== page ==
K.F was an individual who suffered a motorcycle accident, which caused damage to his left parietal occipital region of the brain. Patient KF was studied by Shallice and Warrington in the 1970’s to further our understanding of short-term memory and long-term memory, and how they interact.
K.F. showed very poor digit span in tasks designed to test his short-term memory (S.T.M), but had a good performance on tasks that seemed to indicate and intact long-term store. He was still able to store new information in the LTM, and he could actually learn a 10-word sequence and still was able to retain 7 of the 10 items some months later. This tells us he was able to trasnfer information from the S.T.M to the L.T.M, but he had problems within the STM (digit span). This study seems to go against the model of memory proposed by Atkinson and Shiffrin the multi store model, as it says it should not be possible for interaction between the STM and the LTM, since an intact STM is required for information transfer. How can we explain this?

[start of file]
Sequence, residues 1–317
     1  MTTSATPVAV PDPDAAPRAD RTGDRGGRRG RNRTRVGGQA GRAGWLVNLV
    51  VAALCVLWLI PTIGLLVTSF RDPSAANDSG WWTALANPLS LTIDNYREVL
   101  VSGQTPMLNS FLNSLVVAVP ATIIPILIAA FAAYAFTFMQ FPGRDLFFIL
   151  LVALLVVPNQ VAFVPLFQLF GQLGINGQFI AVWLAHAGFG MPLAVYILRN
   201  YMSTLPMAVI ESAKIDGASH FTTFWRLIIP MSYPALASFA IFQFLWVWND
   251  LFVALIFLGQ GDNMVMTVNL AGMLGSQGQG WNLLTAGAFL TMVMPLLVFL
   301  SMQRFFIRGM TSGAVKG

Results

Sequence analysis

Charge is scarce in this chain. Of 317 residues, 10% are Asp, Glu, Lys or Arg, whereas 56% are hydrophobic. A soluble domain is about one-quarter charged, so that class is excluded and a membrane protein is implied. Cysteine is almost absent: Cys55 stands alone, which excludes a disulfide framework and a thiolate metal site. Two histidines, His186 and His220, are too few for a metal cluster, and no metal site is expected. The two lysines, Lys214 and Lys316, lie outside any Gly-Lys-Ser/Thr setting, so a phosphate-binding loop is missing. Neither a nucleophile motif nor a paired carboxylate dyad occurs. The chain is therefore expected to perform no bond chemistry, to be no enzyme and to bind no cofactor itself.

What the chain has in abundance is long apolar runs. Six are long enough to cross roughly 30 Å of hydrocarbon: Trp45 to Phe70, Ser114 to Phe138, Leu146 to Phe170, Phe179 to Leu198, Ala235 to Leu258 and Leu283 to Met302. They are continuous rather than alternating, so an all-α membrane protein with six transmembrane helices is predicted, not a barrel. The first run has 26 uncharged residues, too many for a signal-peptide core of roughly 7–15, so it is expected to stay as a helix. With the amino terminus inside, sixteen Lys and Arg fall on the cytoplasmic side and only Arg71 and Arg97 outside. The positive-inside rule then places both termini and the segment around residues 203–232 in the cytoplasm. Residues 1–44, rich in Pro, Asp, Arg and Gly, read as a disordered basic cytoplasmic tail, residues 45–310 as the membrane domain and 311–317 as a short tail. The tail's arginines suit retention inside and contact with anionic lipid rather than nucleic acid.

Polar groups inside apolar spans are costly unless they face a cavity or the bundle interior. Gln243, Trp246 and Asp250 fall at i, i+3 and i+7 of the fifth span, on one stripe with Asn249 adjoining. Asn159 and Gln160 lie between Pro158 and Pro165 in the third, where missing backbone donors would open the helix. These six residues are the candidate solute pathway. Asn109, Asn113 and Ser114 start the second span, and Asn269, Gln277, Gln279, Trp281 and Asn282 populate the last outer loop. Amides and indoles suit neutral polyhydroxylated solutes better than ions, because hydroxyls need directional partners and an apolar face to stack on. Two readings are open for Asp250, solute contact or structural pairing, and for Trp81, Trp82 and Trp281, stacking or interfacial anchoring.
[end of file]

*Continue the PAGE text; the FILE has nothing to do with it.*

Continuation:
Working memory is able to explain this. A new model of memory proposed by Baddely and Hitch in 1968 tells us that there is more to the short term memory store than one simple unitary store, but is made up of different components, with different roles and interactions, which function at different parts of the brain. This model says, instead of all information going into one single short term store, there are different systems for different types of information, and that each component is relatively independent of each other. This model tells us there are three main parts;
- The Centeral Executvie
- The Visuo Spatial Sketchpad
- Phonological Loop
- Episodic Buffer
K.F.’s ability for his LTM to function after doing STM tasks prove that there is a different component related to the interaction of the LTM and the STM stores. KF shows that components of his STM were functional, but one was impaired (the digit span, immediate recallation). The fact that he was able to store new information in the LTM tells us that his Centeral Excutive was still fairly functional in shifting and transferring information. If we examine the tasks given to him more closely, results showed that he faired better when information was given to him visually compared to auditory, and we know he had a poor digit span recallation. This points to the direction that his Phonoligcal Loop system within his working memory (which is STM) was damaged, but all the other components were functional, as we know he was still able to recall information from the Long term store, where the Centeral Excecutive and the Episodic Buffer is required to function properly.